I’ve been in the media recently, talking about train wrecks and the Internet, media and business in China and censorship

NPR’s On the Media: Whether you believe it or not, I believe it
Social media and the July 23 Wenzhou train crash (transcript here)

Australian ABC radio: Phillip Adams’ Travels in China
Land issues, business, the Internet and the Great Wall among other things – a long chat with Phillip Adams, recorded at Chenjiapu.

Australian ABC TV:
Social media in China and censorship: Interview with Jim Middleton
The London Riots and David Cameron’s absurd calls for clampdowns on social media (also here, scroll down to “Social media” and click on link). China tightens media control amid fury over response to train crash

Not long after the ABC TV appearance, this was posted to Sina’s Weibo by “Singapore Big Panda”:

In translation: I am watching Australia Network’s Newsline program about Chinese Internet censorship. This dude is very knowledgeable aboutChina’s Internet. He not only mentioned CCTV’s recent attacks on Weibo, but he also introduced to the whole world how the Chinese government censors the Internet and how Internet users get around the controls. He says most of the censorship is done by websites themselves to ensure their survival.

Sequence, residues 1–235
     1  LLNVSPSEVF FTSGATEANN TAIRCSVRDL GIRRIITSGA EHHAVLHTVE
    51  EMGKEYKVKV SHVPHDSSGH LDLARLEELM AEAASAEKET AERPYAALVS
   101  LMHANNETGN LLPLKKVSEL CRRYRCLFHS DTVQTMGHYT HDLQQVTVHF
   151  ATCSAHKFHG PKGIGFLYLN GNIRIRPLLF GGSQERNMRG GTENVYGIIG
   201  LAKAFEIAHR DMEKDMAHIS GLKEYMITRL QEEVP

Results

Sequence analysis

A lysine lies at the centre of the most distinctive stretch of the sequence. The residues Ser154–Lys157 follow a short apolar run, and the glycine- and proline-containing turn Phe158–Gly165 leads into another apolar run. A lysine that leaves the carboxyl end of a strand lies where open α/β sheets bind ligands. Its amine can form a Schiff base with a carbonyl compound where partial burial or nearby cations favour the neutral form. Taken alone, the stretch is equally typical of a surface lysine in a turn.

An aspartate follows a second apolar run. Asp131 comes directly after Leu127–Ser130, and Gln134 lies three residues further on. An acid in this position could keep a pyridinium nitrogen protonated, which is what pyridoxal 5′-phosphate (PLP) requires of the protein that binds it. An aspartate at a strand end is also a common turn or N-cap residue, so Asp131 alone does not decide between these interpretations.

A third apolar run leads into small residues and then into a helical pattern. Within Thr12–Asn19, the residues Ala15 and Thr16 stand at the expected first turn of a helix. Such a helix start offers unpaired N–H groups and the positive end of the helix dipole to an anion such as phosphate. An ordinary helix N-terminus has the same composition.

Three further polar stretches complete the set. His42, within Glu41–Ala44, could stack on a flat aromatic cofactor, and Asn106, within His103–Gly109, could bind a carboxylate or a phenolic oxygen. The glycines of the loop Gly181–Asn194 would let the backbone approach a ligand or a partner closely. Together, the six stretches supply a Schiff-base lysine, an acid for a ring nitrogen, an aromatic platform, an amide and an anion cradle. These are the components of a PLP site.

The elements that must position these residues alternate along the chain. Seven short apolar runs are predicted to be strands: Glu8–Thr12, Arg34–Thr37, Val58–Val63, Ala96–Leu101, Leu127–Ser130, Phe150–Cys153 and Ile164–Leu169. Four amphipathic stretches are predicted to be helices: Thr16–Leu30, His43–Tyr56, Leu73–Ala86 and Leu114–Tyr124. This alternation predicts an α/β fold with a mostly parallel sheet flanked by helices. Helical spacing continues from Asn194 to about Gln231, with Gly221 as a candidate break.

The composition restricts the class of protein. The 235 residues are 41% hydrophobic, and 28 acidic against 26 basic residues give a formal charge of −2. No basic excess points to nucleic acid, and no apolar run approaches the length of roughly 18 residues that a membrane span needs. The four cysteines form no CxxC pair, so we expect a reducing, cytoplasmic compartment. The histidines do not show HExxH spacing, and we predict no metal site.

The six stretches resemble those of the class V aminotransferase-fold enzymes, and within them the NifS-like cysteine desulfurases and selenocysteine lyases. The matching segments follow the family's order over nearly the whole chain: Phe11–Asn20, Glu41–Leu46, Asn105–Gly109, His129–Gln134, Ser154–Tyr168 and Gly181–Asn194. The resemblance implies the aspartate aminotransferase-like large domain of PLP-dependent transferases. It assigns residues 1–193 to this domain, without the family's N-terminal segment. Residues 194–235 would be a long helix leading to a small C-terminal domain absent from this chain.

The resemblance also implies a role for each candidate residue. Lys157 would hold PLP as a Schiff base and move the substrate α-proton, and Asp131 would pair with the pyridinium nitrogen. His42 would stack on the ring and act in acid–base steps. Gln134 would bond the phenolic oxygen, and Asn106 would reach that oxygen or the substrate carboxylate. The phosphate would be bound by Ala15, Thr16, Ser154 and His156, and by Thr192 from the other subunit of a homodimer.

Nice to hear it: Sometimes speaking about China’s Internet in the foreign media gets me called names.

A monster traffic jam and the Great Wall

This is a CNN show about Beijing. In the second part of the video embedded below, my wife and I took the producers to our friends’ farm. We got stuck in a four hour traffic jam on there way there.

If the video above does not work, you should be able to watch it here. There’s also a little piece about the Chen’s farm on the CNNGO website.